Again a fun activity requiring a lot of time. There is also some caloric expenditure from walking around the course and swinging the club. Obviously, this is minimized if you are riding a golf cart. How about some numbers for golf? During a 60-minute period, a 150-lb person exerts 380 calories. A 200-lb person exerts 480 calories. And let’s be real, this is an expensive game.
Now compare these to doubles Pickleball. Here are the numbers. During a 60-minute period, 150 lb person exerts 480 calories. A 200lb person uses 680 calories. This equates to a minimum of 100 to 200 calories per hour more than any of the other activities.
The caloric expenditure is real, and it’s greater than any of the other activities. Also, keep in mind that these are for playing doubles in a casual manner. Clearly, they would be much higher for singles or intense play. Multiply this by just two 2 hour sessions per week, and you can see how quickly the caloric expenditure will add up.
Doubles pickleball is an actual sport, and it is fun. It is inexpensive. Which means you will do it again and again. It is extremely social, so the whole family can be involved. If you can walk you can play Pickleball. No matter how old, no matter your weight. It is an easy sport for beginners. Meaning that anyone can pick up a paddle and be having fun in a relatively short period of time.
You may not be good, but you will be having fun. Which means you will play again. This is in dramatic contrast to both bowling and golf. Bowling requires a certain skill level, which often makes it difficult for beginners. And golf is a hard and frustrating activity for beginners. Many will play it once and never play it again.
Where can Seniors Play Pickleball?
The availability of pickleball courts is impressive. Just check any of the state pickleball organizations. Or call your local YMCA. Many YMCAs are now offering pickleball as an activity. Pickleball is also extremely affordable. Quite often, it is free.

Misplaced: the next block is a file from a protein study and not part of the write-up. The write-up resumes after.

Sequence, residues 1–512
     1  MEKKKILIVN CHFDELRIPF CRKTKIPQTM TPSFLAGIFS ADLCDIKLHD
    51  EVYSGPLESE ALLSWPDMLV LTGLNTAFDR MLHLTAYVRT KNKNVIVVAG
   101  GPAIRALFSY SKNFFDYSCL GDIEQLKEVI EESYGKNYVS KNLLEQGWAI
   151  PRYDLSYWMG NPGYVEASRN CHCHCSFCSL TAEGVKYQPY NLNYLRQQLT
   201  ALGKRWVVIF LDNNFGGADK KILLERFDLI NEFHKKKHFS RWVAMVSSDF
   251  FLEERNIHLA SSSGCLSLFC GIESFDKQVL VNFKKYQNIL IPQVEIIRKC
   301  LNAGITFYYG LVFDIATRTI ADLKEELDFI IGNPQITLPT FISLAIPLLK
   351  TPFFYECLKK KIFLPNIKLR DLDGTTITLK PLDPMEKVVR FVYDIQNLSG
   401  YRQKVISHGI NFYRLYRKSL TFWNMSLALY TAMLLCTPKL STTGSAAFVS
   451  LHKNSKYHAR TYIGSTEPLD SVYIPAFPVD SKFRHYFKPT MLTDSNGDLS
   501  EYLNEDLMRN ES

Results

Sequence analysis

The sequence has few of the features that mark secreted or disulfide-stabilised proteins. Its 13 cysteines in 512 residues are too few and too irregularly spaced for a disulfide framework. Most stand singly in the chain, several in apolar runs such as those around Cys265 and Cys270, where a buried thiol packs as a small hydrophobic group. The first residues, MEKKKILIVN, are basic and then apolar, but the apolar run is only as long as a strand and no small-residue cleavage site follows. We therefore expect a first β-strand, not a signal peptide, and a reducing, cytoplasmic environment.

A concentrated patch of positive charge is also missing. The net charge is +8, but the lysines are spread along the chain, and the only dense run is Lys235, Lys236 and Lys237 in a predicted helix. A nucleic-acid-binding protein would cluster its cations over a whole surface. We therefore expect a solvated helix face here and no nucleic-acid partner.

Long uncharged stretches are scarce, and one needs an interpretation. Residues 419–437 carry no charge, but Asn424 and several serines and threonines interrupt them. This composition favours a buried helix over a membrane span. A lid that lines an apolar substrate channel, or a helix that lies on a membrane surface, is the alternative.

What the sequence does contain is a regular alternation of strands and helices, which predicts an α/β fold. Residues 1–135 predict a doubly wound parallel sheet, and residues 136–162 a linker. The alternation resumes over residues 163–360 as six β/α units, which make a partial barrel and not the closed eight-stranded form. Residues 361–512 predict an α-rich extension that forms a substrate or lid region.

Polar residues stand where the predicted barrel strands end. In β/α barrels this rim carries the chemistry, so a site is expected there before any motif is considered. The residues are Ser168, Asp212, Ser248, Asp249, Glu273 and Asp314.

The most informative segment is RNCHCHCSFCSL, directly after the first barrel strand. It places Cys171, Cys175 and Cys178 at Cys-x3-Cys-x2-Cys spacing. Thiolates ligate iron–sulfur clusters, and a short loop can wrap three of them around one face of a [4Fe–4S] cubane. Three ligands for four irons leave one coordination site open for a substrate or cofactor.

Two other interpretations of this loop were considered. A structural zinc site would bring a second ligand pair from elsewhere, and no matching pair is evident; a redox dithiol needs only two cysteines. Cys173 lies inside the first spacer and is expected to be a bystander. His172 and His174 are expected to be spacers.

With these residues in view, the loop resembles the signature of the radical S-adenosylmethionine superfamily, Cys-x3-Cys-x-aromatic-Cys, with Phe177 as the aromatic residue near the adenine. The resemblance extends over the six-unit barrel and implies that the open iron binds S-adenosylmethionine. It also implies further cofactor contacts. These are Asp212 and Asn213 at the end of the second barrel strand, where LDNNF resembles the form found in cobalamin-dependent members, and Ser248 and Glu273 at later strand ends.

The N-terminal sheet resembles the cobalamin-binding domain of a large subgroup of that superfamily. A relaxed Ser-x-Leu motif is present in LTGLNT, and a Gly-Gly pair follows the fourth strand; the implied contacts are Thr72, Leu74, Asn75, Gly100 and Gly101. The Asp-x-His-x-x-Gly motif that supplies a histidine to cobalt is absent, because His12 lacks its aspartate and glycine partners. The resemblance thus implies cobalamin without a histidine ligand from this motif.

Many municipalities are now converting some of their tennis courts into pickleball courts. These public parks offer free play to anyone who wants it! Indoor courts are not usually free, but they are not super inexpensive. Fees range from about $5 to $12 for an hour and a half to three hours of play. Clearly, this is much cheaper than bowling or golf by a landslide.
Are there any downsides to pickleball? Are there any negative aspects to this magnificent sport? Sure, if we’re being candid. Pickleball is so much fun that it can be quite addictive. You may find yourself playing all the time. Day or night, clinic, or free play, you might be drawn to the siren call of pickleball. And perhaps neglect other aspects of your life.
Did you forget to pick up the grandkids? Were you supposed to be making travel reservations for your upcoming trip? Did you forget to grab dinner for the wife and kids? Blame it all on pickleball. And go see a pickleball therapist. Which will probably exist in some Bizarro future world by the way.
For the rest of us, who can manage the fun-ness of pickleball (and yes, I just invented the word fun-ness), life will proceed in a wonderful fashion. We will breathe, eat and play doubles pickleball. Will we get healthier as we age? Realistically no, but we will slow the decay caused by father time. And we will continue to have fun during our senior years sharing this sport with our family and friends.
If you have not yet tried this superb game, you owe it to your future self to give it a go. And feel free to email me a thank-you letter after you do, but this is not necessary. Actually, any input is appreciated. Disagree? Contact me and let me know. I will gladly discuss it with you. May your service returns always be deep!